All Bayesian Models are Generative (in Theory)


[This post is a followup to my previous post, Generative vs. discriminative; Bayesian vs. frequentist.]

I had a brief chat with Andrew Gelman about the topic of generative vs. discriminative models. It came up when I was asking him why he didn’t like the frequentist semicolon notation for variables that are not random. He said that in Bayesian analyses, all the variables are considered random. It just turns out we can sidestep having to model the predictors (i.e., covariates or features) in a regression. Andrew explains how this works in section 14.1, subsection “Formal Bayesian justification of conditional modeling” in Bayesian Data Analysis, 2nd Edition (the 3rd Edition is now complete and will be out in the foreseeable future). I’ll repeat the argument here.

Suppose we have predictor matrix X and outcome vector y. In regression modeling, we assume a coefficient vector \beta and explicitly model the outcome likelihood p(y|\beta,X) and coefficient prior p(\beta). But what about X? If we were modeling X, we’d have a full likelihood p(X,y|\beta,\psi), where \psi are the additional parameters involved in modeling X and the prior is now joint, p(\beta,\psi).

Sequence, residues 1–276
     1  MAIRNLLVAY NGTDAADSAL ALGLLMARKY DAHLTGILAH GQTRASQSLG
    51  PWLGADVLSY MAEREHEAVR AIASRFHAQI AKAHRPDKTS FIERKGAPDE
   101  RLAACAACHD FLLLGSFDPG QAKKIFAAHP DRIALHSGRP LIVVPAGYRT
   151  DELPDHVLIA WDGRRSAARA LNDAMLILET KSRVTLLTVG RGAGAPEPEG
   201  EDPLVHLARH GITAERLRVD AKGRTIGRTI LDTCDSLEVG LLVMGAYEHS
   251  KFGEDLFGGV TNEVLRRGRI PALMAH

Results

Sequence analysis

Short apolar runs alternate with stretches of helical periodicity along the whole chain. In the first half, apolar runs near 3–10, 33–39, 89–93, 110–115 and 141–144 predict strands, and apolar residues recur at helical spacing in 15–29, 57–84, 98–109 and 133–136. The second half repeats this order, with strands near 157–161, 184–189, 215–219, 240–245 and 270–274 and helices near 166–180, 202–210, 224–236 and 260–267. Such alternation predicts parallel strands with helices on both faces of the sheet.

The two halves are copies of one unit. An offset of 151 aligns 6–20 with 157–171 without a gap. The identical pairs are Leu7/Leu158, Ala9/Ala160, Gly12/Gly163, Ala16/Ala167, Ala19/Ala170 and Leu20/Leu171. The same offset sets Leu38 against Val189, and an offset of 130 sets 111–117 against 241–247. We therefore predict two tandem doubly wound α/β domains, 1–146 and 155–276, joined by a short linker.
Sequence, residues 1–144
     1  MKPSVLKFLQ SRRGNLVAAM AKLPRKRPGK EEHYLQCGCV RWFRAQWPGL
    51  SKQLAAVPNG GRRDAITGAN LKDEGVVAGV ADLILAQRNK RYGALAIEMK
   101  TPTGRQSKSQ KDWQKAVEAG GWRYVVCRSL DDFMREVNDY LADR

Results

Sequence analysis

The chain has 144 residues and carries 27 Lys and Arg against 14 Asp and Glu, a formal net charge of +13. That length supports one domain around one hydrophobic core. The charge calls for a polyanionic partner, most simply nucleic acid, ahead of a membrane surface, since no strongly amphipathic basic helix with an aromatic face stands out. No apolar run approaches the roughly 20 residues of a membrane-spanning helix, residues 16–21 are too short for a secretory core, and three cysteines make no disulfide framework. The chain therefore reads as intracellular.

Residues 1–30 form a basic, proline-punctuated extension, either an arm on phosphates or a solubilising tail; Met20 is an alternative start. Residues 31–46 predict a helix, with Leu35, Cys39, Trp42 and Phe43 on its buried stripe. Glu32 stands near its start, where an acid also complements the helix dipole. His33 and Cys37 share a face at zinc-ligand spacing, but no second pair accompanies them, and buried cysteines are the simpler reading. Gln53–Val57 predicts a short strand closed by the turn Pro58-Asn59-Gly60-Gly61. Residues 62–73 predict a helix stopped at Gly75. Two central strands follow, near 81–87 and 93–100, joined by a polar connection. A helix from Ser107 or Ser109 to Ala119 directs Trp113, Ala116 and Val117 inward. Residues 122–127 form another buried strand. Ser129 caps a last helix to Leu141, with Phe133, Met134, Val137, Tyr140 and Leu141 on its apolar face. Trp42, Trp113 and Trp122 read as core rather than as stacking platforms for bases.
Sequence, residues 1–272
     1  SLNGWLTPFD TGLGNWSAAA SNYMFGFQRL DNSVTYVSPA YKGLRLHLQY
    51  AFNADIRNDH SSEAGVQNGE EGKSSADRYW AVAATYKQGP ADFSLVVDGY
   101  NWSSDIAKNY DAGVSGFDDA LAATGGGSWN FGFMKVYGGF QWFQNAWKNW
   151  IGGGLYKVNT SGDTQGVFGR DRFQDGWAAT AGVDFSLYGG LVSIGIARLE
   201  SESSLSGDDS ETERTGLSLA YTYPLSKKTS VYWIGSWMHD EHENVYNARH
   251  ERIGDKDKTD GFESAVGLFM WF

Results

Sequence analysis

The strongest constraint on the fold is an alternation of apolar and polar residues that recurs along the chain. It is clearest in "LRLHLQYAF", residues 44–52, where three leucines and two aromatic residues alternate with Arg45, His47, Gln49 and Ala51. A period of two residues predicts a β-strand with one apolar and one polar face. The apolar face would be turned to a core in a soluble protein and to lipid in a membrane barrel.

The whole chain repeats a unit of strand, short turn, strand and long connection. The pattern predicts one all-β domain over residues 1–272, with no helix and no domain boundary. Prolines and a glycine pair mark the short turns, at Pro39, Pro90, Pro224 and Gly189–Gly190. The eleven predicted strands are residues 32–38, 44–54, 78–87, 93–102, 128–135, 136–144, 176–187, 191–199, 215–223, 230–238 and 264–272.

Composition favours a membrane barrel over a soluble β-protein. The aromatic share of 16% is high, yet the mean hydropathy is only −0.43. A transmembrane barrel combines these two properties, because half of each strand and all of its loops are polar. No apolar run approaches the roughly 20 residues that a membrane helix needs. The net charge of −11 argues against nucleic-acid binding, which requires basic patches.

So how do we justify conditional modeling as Bayesians? We simply assume that \psi and \beta have independent priors, so that

p(\beta,\psi) = p(\beta) \times p(\psi).

The posterior then neatly factors as

p(\beta,\psi|y,X) = p(\psi|X) \times p(\beta|X,y).

Looking at just the inference for the regression coefficients \beta, we have the familiar expression

p(\beta|y,X) \propto p(\beta) \times p(y|\beta,X).

Therefore, we can think of everything as a joint model under the hood. Regression models involve an independence assumption so we can ignore the inference for \psi. To quote BDA,

The practical advantage of using such a regression model is that it is much easier to specify a realistic conditional distribution of one variable given k others than a joint distribution on all k+1 variables.